Thanks for the write up about your trip. Its a tough one with staged shark feeds. They are like zoo's - everyone would prefer to see animals in their natural habitat, but noone has the time, money nor patience to do this. They are pretty cool up close. Bulls (or Zambezi) sharks are responsible for taking 80% of the attacks in South Africa, so to get Bulls and tigers in one spot is quite awesome.
Pretty cool stuff!!!

Pete
"A little less talk a little more action" Elvis Presley
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Re: Shark Diving - Beqa Lagoon, Fiji (April 2013)

Postby divepirate » Sat May 11, 2013 9:47 am

Andrew,
I too did a 'shark dive' in Fiji, although it was a number of years ago (17 years).

Your dive sounds much more organised than the one I did, your feeder was dressed for the occasion, where, when I did it, there was little organisation, other than drop down to the sand and stay well away from the feeding area.
No chainmail was used and the feeder kept the sharks at a distance with a long stick.

They are truly majestic beasts to see close up and like your scenario, the sharks came in very close, sometimes bumping past to get to food.

It is a shame how commercialism damages the reef, but small mercies that the damage is mitigated by the use of a specific area.
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Re: Shark Diving - Beqa Lagoon, Fiji (April 2013)

Postby Ulsterkiwi » Mon May 13, 2013 3:34 pm

My wife and I went on a 4 day liveaboard on the Spirit of Freedom last year. One of the draws for me was the shark feed dive on Osprey reef.
I made a video of this which you can see here...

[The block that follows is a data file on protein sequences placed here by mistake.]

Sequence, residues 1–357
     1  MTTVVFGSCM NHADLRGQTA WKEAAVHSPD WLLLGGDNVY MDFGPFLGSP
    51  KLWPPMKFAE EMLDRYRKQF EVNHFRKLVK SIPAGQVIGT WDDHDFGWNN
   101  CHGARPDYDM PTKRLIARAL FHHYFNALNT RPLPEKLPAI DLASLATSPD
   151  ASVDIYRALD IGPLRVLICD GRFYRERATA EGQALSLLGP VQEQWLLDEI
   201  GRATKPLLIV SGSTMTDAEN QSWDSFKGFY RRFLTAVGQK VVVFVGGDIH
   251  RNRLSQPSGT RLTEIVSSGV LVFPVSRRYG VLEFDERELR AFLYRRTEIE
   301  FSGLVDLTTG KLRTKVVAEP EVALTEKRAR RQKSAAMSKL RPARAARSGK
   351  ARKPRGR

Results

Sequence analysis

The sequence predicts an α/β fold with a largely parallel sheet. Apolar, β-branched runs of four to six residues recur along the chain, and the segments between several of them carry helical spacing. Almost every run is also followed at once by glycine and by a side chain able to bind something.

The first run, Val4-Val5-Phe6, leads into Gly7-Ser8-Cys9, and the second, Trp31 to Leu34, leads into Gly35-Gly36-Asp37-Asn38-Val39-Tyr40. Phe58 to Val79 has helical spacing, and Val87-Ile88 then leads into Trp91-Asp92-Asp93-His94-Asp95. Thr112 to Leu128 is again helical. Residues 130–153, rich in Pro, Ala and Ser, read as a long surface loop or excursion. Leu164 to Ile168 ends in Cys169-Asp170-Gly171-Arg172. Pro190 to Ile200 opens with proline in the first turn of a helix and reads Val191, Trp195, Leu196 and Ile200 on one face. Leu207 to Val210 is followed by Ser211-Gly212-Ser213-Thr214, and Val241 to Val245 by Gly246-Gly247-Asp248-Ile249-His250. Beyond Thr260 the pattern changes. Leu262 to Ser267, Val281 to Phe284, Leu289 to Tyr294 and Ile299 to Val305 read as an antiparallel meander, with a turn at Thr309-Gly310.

https://www.youtube.com/watch?v=RKy9sYpBlBo

I must confess it was over dinner one night with some diving friends that I first thought about the conservation issues around shark feeds. A bit naive perhaps to not have thought of it before but there you go.
While I absolutley accept that such dives impact on animal behaviour I am not sure that stopping such "events" is the nice simple solution some would have us believe.
I am an academic and my research always involves people. One of the things you have to accept when you do work like mine is that once you start to observe a phenomenon or behaviour to try and understand it then you begin to change it. All you can do is try and minimise that impact.
Animals are the same. in effect every time we dive under the surface we are impacting on the behaviour of the animals we interact with, irrespective of how distant that interaction is.
After showing video like this to friends who dont dive, they usually ask if I often see sharks in NZ. I usually say no, but that doesnt mean they arent there! our presence in the water affects their behaviour whether WE see them or not.
The simple solution is we dont do ANYTHING to impact on the marine envrionment, including any diving. Yeah right.....
Surely we would be better to see the eco-dollar these operations bring in maintained and perhaps better regulated or at least operating within guidelines?

Anyway, arguments aside, nice pics and great vid! It is truly amazing to share the water with these animals, a very humbling experience!